Multiwavelength light curve for Mrk 501 during the 2012 campaign. For details, see Figure 1 below.

Reference: M.L. Ahnen et al. (The MAGIC, FACT, and VERITAS Collaborations and others), Astronomy & Astrophysics 620: A181 , 2018

Full text version

ArXiv: ArXiV:1808.04300

Contacts: Gareth Hughes

Markarian 501 is a BL Lacertae (BL Lac) object, a member of the blazar subclass of active galactic nuclei (AGN). At very high energies (VHE; E > 100 GeV) it was first detected by the pioneering Whipple imaging atmospheric-Cherenkov telescope. In 2012, 25 instruments took part in a three month multiwavelength campaign to observe Mrk 501. This included the MAGIC, FACT and VERITAS Cherenkov telescopes, the instruments on board the Swift and Fermi spacecraft, and the telescopes operated by the GASP-WEBT

During this time it was seen to exhibit an unusually hard spectral index which was found to be independent of the flux. This study reports the hardest Mrk 501 VHE spectra measured to date. The VHE gamma-ray flux above 0.2 TeV was found to be ~0.5 times the Crab Nebula flux (CU) for most of the campaign. On June 9th a flare (~3 CU) was observed.

The unprecedentedly hard X-ray and VHE spectra measured imply that their low- and high-energy components peaked above 5 keV and 0.5 TeV, respectively, during a large fraction of the observing campaign, and hence that Mrk 501 behaved like an extreme high-frequency- peaked blazar (EHBL) throughout the 2012 observing season. This suggests that being an EHBL may not be a permanent characteristic of a blazar, but rather a state which may change over time.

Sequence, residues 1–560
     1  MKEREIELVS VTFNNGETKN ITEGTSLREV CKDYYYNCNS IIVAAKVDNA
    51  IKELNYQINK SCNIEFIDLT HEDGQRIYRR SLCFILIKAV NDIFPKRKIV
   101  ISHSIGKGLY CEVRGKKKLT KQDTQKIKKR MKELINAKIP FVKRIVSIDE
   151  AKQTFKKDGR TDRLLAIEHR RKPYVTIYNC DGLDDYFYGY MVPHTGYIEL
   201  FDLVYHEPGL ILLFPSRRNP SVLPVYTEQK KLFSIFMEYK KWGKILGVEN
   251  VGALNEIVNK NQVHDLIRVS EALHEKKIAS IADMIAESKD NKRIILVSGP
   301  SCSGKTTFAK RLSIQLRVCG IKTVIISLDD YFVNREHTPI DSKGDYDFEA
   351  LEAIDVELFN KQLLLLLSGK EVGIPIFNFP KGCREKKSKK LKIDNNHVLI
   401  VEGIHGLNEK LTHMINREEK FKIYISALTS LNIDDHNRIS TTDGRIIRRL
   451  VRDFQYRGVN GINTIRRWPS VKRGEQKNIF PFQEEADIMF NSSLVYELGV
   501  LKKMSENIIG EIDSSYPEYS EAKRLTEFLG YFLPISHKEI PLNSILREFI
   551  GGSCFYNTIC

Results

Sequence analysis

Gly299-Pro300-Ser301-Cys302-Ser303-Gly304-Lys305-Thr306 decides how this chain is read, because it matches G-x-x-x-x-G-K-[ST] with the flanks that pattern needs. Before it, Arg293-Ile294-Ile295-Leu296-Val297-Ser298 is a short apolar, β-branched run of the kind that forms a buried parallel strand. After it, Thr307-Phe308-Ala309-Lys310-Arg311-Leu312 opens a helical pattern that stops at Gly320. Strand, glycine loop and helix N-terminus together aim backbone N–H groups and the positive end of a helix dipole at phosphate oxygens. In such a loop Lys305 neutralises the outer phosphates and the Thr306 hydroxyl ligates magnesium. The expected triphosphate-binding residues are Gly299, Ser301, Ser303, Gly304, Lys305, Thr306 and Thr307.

Thanks to the excellent coverage from all instruments it was possible to form 17 broad band spectral energy distributions. These were then modelled using a one-zone synchrotron self-Compton model. In an attempt to improve the fit of the flare of June 9th, a two-zone model was also used. The one-zone SSC scenario used can successfully describe the segments of the SED where most energy is emitted, with a significant correlation between the electron energy density and the VHE gamma-ray activity, suggesting that most of the variability may be explained by the injection of high-energy electrons..


FITS files: N/A


Figures from paper (click to get full size image):


Figure 1:  Multiwavelength light curve for Mrk 501 during the 2012 campaign. The bottom two panels report the electric vector polarization angle (P.A.) and polarization degree (P.D.). The correspondence between the instruments and the measured quantities is given in the legends. The horizontal dashed line in the VHE light curves represents 1 CU as reported in Aleksic et al. (2016), and the blue vertical dotted lines in the panels
with the polarization light curves depict the day of the large VHE flare (MJD 56087).
Figure 2: Fractional variability Fvar for each instrument as a function of energy. Left panel includes all data, while the right panel includes all data except for the day of the VHE flare (MJD 56087). Fvar values computed with X-ray and VHE data taken within the same night are shown with gray open markers.

Figure 3: VHE flux as a function of the Swift/XRT flux for the energy ranges shown. Open circles represent data that were taken within 12 hours of each other, red circles within 6 hours and blue circles within 3 hours. In each case, linear fits to the closed circle points (6 hours or less) are depicted with a red line (when considering the June 9 flare) and with a dotted-dashed grey line (when excluding the June 9 flare).